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Company appealing denial of water rights bid in New Mexico

September 24, 2018

Lawyers for a corporation seeking to siphon 17.6 billion gallons of water from deep beneath the grassy Plains of San Agustin in Western New Mexico are appealing the state engineer’s decision to deny the water rights bid.

In his July 31 decision, a hearing examiner in State Engineer Tom Blaine’s office noted the “striking absence of information” in Augustin Plains Ranch LLC’s application, and denounced as speculative the company’s plan to sell off the water rights to as-yet-undetermined municipalities in Central and Northern New Mexico.

New Mexico law prohibits water speculation and requires that water rights be put to a beneficial use. No municipalities in the seven-county region listed in the application have signed contracts. Only one — the city of Rio Rancho — has indicated a potential interest in striking a deal with Augustin Plains Ranch.

In contrast, the Albuquerque-Bernalillo County Water Utility Authority vocally opposed the plan, which would put the equivalent of more than half the total annual water use of Bernalillo County into the hands of a corporation.

But for the project’s proponents, the application’s denial amounted to a wrong-headed overreach by the state’s water regulator. In other cases, it hasn’t been necessary to secure contracts in advance of a water rights application’s approval. “The standard the state engineer has applied in this case is the most stringent standard I’ve seen applied in any state,” said Jeffrey Wechsler, an attorney for Augustin Plains Ranch.

Wechsler said the anti-speculation doctrine, as conceived in all the water-poor states of the Western U.S., is meant to prevent a “dog-in-the-manger” scenario, where a company comes in, stakes a claim with no immediate plans to use the water, and thus prevents any one else from accessing it.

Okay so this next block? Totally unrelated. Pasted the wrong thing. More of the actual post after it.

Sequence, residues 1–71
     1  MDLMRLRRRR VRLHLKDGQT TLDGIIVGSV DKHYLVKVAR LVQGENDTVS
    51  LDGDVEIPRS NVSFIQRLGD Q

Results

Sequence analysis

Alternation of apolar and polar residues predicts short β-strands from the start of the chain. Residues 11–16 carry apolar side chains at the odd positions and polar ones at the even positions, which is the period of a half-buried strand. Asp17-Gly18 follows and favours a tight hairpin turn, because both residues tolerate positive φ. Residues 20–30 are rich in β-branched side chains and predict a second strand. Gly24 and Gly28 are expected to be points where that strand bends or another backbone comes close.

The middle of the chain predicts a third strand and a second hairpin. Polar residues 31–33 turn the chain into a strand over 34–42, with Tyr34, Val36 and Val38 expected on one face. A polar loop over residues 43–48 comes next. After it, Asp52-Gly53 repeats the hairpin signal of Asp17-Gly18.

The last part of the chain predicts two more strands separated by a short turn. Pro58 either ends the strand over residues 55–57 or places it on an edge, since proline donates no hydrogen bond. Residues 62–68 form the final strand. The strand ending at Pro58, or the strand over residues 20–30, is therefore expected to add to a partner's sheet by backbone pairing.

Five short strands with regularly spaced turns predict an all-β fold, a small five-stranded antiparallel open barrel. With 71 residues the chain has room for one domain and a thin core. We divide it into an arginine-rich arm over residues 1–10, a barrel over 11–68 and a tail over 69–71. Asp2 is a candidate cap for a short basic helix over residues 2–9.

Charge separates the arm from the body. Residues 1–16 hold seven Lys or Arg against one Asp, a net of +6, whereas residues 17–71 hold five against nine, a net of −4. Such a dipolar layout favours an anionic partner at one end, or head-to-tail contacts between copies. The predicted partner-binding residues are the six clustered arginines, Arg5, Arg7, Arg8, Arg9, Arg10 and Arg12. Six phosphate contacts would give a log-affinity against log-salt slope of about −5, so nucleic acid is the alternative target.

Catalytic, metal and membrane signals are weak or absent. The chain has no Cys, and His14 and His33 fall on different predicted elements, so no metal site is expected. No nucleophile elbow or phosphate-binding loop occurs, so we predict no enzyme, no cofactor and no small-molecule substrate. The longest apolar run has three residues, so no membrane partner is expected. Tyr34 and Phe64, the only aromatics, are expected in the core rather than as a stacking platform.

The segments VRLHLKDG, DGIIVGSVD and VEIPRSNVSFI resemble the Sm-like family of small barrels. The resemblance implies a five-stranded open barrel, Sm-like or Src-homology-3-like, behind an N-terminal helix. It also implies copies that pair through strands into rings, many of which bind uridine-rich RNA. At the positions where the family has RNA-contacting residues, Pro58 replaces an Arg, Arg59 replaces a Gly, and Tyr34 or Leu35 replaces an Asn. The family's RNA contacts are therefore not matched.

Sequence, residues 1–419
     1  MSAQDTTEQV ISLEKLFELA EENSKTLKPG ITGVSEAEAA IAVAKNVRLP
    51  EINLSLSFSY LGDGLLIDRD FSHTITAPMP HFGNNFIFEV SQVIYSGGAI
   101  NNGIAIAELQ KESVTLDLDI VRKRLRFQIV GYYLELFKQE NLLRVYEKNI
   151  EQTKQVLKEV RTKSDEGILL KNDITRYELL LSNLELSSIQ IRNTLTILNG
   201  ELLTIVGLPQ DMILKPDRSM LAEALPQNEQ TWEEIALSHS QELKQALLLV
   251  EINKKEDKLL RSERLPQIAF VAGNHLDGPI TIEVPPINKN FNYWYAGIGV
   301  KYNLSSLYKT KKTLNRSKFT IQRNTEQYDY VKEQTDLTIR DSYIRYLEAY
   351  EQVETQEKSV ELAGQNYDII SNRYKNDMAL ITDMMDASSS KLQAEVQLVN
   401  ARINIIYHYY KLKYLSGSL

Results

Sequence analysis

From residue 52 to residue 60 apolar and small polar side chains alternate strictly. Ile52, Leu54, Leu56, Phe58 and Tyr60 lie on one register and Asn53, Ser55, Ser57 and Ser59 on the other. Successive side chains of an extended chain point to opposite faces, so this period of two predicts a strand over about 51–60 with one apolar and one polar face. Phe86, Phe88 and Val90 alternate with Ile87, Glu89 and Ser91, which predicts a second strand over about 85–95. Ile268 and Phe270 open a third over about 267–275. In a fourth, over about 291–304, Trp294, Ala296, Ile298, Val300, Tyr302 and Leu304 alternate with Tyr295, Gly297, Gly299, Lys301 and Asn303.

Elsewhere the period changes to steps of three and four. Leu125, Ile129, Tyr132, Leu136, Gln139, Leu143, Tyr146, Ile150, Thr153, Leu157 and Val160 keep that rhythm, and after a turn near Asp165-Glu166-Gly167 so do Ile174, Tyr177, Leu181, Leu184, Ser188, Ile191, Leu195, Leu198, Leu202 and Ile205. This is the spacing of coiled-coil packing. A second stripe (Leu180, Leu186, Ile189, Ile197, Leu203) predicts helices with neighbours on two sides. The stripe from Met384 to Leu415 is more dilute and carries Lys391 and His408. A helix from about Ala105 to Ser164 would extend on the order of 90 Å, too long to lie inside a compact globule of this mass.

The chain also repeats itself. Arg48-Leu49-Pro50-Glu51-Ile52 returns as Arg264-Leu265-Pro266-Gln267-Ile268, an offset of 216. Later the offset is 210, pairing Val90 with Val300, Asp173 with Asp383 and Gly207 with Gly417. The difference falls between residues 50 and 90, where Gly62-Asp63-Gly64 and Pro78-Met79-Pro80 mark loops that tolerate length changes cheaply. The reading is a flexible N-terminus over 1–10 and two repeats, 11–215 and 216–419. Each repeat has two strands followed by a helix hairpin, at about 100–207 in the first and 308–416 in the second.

That, he said, is not Augustin Plains Ranch’s intention.

“They put out very explicit plans for exactly how they were going to use the water, and in what time frame and where it was going to go,” Wechsler said, adding that the state engineer could have added a stipulation that the water rights be allocated within a certain time frame.

The Modena family, originally from Milan, Italy, owns the land and a majority stake in the company. The family purchased the Catron County land, located near Datil, in the 1970s. Investors have bought in as the project has taken shape, including a United Kingdom-based private equity company.

For the coalition of environmentalists and landowners near the Catron County plains who oppose the company’s plan, the State Engineer’s Office made the right call.

“New Mexico needs to do what New Mexico needs to do to protect its water,” said Douglas Meiklejohn, executive director of the Santa Fe-based Environmental Law Center and a pro bono lead attorney for opponents.

Lawyers for Augustin Plains Ranch plan to file their official appeal in the state District Court in Socorro later this month, Wechsler said.

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